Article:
Sunday, March 11, 2018

Remembering the true meaning of the Iditarod


"Most important is that you are out there with your 12, 16, 20 best friends—the dogs." ~Susan Butcher

Wade Marrs and Ashley Perry
Photo credit Kim Perry


Iditarod 2018. 

Before the Opening Ceremonial Start of the Iditarod I was rushing. As I was  hopping out of the shower,  I received a surprise video call.  I  could NOT miss this as it was from my friend Kim Perry, who was at the Opening Ceremonies with her family supporting Wade and other friends.  I met my favorite musher, Wade Marrs for a brief second and saw the ceremonial start  via facebook chat live in a towel, oh yes in a towel, who can say that?  Thank goodness you could pretty much just see my wet head and not the towel. I am so thankful to my friend Kim, it was so exciting to feel like I was actually there, the energy was amazing. 


"Perry" Musher Wade Marrs' dog named after his friends, the Perry family
Photo credit Ashley Perry


A Little Iditarod History
Grandpa Seavy and Ashley Perry
Photo credit Kim Perry





In 1925, a daring sled dog relay through Alaska in the middle of winter delivered life-saving medicine to the citizens in Nome. Children were dying from diphtheria. The Iditarod Sled Dog Race is to commemorate this event.


Joe Redington organized the long-distance Iditarod Race. He wanted to save the sled dog culture and Alaskan huskies, which were being phased out of existence due to the introduction of snowmobiles in Alaska.  He also wanted to ensure the preservation of the historical Iditarod Trail between Seward and Nome. Dorothy Page became the editor of an Iditarod Annual.  She opened the world’s eyes to the Iditarod.


It seems that politics, and various people who are against the Iditarod or are corrupt are tarnishing what this race was intended to be. I believe this year’s race, more than any other, Joe Reddington's mission for this event and Susan Butcher's quote, "you are out there with your best friends", needs to be celebrated and held close at heart.


If you happen to know me, or ask any of my friends you would know that I am a huge animal lover. It takes me 1/2 hour to prepare my dog and cat's food. I cry if I see a hair harmed on any animal. I am a softie.


I practice positive training and feel it is our responsibility to be the voice for the animals that cannot speak for themselves. I believe in every aspect of life there are those that value life as precious. There are sadly those that do no respect that life as precious. I will be the first to call someone out on the latter.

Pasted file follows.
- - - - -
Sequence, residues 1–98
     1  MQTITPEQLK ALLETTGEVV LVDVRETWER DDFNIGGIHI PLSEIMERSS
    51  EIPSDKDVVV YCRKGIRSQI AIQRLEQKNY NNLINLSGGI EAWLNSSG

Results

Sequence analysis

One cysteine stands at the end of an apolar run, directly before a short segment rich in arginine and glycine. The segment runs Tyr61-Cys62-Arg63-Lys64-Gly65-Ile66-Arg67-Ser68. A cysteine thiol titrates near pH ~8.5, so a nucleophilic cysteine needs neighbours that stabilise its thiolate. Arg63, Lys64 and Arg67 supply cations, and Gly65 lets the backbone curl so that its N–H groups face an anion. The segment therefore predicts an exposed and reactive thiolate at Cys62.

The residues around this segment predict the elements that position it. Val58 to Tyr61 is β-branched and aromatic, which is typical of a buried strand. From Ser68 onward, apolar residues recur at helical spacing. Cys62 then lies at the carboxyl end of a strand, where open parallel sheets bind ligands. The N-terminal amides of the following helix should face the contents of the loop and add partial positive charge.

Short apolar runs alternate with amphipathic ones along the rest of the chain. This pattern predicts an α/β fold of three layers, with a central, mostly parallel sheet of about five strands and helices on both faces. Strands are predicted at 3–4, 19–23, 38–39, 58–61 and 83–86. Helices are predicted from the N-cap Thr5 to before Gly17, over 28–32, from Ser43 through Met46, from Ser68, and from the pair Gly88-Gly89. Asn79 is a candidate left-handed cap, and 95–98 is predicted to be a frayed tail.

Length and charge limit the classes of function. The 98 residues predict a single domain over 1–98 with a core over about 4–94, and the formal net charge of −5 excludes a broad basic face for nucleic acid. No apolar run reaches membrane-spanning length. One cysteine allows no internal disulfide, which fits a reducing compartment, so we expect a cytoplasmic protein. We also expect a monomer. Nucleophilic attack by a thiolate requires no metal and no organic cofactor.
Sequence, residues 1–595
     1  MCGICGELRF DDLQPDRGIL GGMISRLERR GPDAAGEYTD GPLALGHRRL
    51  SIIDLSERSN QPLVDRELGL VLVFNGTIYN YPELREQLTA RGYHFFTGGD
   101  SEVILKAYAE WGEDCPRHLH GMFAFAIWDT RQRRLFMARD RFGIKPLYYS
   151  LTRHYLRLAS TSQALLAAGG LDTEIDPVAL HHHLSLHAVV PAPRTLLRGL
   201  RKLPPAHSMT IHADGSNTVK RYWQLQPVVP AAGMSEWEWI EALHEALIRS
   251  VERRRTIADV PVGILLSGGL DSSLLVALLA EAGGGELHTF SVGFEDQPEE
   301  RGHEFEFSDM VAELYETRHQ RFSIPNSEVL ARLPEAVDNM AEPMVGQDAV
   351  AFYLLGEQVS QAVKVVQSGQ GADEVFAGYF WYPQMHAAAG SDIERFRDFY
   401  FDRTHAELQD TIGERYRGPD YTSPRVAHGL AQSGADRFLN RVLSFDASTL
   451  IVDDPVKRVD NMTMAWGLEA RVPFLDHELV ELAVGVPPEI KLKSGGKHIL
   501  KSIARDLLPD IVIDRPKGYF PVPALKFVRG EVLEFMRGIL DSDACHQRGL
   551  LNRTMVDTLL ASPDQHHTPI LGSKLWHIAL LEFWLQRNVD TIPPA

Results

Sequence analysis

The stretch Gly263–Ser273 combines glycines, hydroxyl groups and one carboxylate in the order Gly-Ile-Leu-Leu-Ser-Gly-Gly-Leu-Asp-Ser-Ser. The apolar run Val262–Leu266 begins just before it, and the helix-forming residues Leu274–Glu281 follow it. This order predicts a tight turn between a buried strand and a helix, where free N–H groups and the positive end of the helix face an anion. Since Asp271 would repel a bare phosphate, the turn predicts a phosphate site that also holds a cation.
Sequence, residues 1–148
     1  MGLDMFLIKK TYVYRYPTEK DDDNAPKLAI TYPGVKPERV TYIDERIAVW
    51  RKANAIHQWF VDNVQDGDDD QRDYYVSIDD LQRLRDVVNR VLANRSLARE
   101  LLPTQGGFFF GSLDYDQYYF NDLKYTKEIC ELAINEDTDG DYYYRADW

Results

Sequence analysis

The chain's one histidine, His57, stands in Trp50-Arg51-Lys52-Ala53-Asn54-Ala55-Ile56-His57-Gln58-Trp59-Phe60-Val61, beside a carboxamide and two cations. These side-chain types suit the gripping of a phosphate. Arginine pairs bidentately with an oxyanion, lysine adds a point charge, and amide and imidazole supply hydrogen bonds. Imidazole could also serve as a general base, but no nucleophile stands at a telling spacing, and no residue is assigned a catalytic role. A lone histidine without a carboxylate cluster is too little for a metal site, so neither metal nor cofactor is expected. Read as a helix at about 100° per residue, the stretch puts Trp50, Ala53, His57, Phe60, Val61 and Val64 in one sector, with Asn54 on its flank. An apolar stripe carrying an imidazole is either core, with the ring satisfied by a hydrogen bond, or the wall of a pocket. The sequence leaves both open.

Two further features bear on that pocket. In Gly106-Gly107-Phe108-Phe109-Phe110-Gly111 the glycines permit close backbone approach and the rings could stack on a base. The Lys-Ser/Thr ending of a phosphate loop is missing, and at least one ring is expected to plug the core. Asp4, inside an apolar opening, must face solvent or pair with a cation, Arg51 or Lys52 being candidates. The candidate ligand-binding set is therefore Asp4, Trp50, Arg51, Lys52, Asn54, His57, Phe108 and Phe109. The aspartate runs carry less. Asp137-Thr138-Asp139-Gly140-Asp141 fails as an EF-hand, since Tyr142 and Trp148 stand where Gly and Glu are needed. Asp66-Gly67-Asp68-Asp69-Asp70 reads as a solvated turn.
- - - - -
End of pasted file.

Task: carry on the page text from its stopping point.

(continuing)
I have been to an dog obedience trial and witnessed first hand a woman scruff and scold a dog, call it stupid, cover their cage up as a punishment when a dog missed a sit in a competition ring. This, is my eyes is cruel. My partner who I teach dog training with, have shirts that say, "Happiness does not come from points and Q's(denoting qualifying runs), but from playing the game with the dog you love". Having FUN with your best friend is what it's all about!


I believe this should be true in all aspects of life. We need to enjoy the adventure, not just keep our eye on the prize.

In every sport and everything in life there are going to be cruel, unethical people. It is a sad fact. However, I believe that you should not persecute the obedience trials, but the individual who makes poor judgment, just as you shouldn't persecute a pen for writing evil words. I believe, you should, of course report abuse, and try to stop it at all costs. However don't protest or persecute the sport of those who truly love the adventure with their dogs.


I believe Mother Theresa conveys a message. She said, "I was once asked why I don't participate in anti-war demonstrations. I said that I will never do that, but as soon as you have a pro-peace rally, I'll be there.”  Let's celebrate the good and give that our energy! I hope we can remember Joe Redintion's vision, and celebrate the sled dog. 


These dogs were bred to run. They enjoy it, they live for it. Labs were bred to be in the field all day. Humans created these breeds. In working with dogs, I see huskies and labs that are not able to do what they were bred to do and they find sometimes naughty, destructive ways to release that energy that was bred into them. They want to be active, they need to run and do what they were institutionally meant to do. Watch a dog in front of sled and tell me you can't see them smiling and howling with glee.


If anyone in the race is abusing this privilege, shame on them, just as shame on those who don't enjoy the game of agility, or any dog sport and are just in it to win, and scold the dog for trying. I believe that anyone who abuses the precious life of any animal should be punished, but let us not punish all for the deed of one.